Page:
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Mark P. Hawthorne

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First Unit Responder: A Guide to Physical Evidence Collection for Patrol Officers
Mark R. Hawthorne  More Info

Fingerprints: Analysis and Understanding
Mark R. Hawthorne  More Info

About the San Francisco Police Department

In his inaugural address in August 1849, John Geary, the first elected alcalde (mayor/judge) in Gold Rush San Francisco, reminded the newly elected council that the town was "without a single policeman…. [or] the means of confining a prisoner for an hour."

 

On August 13 the council selected Malachi Fallon as San Francisco's first Captain (Chief) of Police. Fallon in turn appointed a deputy captain, three sergeants and 30 officers to comprise the first regular municipal police department in American San Francisco.

 

Today, the San Francisco Police Department is a large metropolitan police department which is organized into four bureaus: Administration, Field Operations, Investigations and Airport.

 

The Administration Bureau provides support for the other bureaus of the San Francisco Police Department and is frequently the liaison with other city agencies as well as the Board of Supervisors.  The Administration Bureau of the San Francisco Police Department has a number of units and divisions: Behavioral Science Unit, Staff Services Division, Fiscal Division, Support Services Division, Planning Division, Technology Division, Risk Management, and the Training and Education Division.

 

The Field Operations Bureau contains the Headquarters, fugitive Recovery Enforcement Team, Metro Division, Golden Gate Division, Homeland Security Unit, Community Oriented Policing and Problem Solving and Traffic Company.  The Investigative Bureau is organized into five divisions by crime or specialty: Forensic Services, Property Crimes, Personal Crimes, Juvenile and Family Services and Narcotics and Vice. 

 

Source:

sfgov.org

Inspector Mark Hawthorne is a 28 year veteran of the San Francisco Police Department. He has been assigned patrol, field operations and investigations.  His current assignment is Crime Scene Investigations.  As a POST instructor he specializes in Instructor Development, Preliminary Investigations and Crime Scenes.  As a an adjunct faculty member of the City College of San Francisco Administration of Justice and Fire Science Department he acts as an advisor to the Forensic Science Club. Inspector Mark Hawthorne is the author of First Unit Responder: A Guide for Physical Evidence Collection for Patrol Officers and Fingerprints: Analysis and Understanding.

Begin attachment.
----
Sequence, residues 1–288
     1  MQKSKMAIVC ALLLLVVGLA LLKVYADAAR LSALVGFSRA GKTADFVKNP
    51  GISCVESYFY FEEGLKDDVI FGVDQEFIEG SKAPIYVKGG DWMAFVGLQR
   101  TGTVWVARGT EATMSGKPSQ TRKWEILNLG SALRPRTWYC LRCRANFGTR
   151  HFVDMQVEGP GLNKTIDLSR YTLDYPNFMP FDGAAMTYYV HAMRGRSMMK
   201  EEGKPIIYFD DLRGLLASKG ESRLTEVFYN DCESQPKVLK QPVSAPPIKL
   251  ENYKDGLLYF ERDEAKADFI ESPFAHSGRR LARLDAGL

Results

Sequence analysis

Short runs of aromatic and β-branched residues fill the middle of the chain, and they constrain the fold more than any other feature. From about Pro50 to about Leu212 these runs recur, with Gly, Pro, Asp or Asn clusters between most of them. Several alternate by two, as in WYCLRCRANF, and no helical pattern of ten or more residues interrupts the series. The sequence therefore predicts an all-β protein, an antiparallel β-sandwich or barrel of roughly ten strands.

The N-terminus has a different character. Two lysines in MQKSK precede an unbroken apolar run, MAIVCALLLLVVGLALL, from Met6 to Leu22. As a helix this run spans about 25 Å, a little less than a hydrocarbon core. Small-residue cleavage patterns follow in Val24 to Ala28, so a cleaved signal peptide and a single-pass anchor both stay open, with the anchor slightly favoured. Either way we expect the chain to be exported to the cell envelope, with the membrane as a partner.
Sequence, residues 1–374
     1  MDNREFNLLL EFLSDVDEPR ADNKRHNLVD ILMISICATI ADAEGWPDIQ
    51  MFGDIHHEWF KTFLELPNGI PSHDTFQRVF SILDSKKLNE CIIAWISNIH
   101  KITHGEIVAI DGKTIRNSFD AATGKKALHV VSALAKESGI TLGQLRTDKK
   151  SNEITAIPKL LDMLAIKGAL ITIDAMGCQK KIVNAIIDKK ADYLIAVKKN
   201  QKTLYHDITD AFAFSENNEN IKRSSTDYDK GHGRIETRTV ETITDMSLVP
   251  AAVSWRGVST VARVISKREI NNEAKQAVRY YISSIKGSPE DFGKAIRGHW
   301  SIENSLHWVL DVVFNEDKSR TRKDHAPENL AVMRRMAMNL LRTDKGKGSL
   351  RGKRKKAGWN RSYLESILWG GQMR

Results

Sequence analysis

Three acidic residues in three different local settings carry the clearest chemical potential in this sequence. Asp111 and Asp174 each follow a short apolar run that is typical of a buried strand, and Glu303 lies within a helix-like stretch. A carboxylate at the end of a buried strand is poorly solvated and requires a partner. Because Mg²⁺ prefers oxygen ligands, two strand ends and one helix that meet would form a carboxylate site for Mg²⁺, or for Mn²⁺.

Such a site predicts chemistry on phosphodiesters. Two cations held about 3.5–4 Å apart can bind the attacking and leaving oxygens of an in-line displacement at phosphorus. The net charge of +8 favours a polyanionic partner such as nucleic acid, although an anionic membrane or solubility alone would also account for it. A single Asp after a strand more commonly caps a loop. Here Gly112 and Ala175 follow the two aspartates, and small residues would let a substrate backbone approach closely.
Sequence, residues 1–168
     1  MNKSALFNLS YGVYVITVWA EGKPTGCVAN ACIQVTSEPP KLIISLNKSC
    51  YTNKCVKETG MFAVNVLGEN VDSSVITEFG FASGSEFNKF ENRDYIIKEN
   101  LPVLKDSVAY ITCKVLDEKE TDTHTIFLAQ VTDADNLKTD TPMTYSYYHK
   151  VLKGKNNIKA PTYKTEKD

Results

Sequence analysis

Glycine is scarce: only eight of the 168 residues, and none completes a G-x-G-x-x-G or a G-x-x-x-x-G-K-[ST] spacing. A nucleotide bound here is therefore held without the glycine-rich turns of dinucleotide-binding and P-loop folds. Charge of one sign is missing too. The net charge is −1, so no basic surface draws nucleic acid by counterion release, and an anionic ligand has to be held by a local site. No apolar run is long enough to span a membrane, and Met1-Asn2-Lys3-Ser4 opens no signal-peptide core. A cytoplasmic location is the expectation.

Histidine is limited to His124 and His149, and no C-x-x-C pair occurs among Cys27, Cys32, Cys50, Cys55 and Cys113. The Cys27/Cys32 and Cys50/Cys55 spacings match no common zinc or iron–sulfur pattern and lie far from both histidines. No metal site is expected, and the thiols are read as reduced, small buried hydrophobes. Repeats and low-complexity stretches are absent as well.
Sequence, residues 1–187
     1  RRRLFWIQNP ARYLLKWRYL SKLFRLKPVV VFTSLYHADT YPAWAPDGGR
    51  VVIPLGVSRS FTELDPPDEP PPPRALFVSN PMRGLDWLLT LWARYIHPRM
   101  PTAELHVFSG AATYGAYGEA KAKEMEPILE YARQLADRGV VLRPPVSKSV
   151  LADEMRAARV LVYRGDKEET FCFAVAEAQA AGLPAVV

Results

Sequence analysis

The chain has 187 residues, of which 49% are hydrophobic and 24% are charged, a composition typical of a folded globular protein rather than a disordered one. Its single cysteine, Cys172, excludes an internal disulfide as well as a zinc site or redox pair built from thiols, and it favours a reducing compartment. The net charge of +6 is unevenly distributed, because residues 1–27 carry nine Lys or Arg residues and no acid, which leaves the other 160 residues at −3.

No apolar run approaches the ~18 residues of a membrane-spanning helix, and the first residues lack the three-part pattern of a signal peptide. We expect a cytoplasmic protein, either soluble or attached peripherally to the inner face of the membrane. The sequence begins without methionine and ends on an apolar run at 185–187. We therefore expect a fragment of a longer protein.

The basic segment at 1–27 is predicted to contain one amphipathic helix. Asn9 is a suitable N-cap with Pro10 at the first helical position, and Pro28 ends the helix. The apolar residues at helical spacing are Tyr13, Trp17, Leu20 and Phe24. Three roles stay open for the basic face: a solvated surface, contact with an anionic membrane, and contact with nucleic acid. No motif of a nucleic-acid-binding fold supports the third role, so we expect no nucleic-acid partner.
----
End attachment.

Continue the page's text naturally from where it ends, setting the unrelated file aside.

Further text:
According to the book description of First Unit Responder: A Guide for Physical Evidence Collection for Patrol Officers, “Physical evidence cannot be wrong; it cannot perjure itself; it cannot be wholly absent. Only its interpretation can err. Only human failure to find it, study and understand it, can diminish its value." -Presiding Judge, Harris v U.S., 331 U.S. 145 (1947) HOW TO MAINTAIN THE INTEGRITY OF THE CRIME SCENE WHILE CONDUCTING AN INVESTIGATION.  First Unit Responder: A Guide to Physical Evidence Collection for Patrol Officers is a training guide and reference for patrol officers and criminal investigators, who conduct preliminary investigations of crime scenes, to aid in identification, collection, and booking of physical evidence. Written by a veteran of 24 years of law enforcement, the book stresses the importance of understanding the critical nature of physical evidence and preservation of the crime scene as part of the case against a criminal defendant. This book is an important tool for police academies that train recruits and veteran patrol officers, as well as for students of criminal justice who seek guidelines for proper collection and handling of physical evidence”

 

According to Corporal Andreas K. Mendel, NCO in Charge, Forensic Identification Section, West Vancouver Police, in Canadian Society of Forensic Science Journal, “Mark Hawthorne's easy writing style and use of personal anecdotes make this book a relaxed read. First Unit Responder is a good resource for recruit training or criminal justice/criminology students, or as review material for seasoned investigators.”

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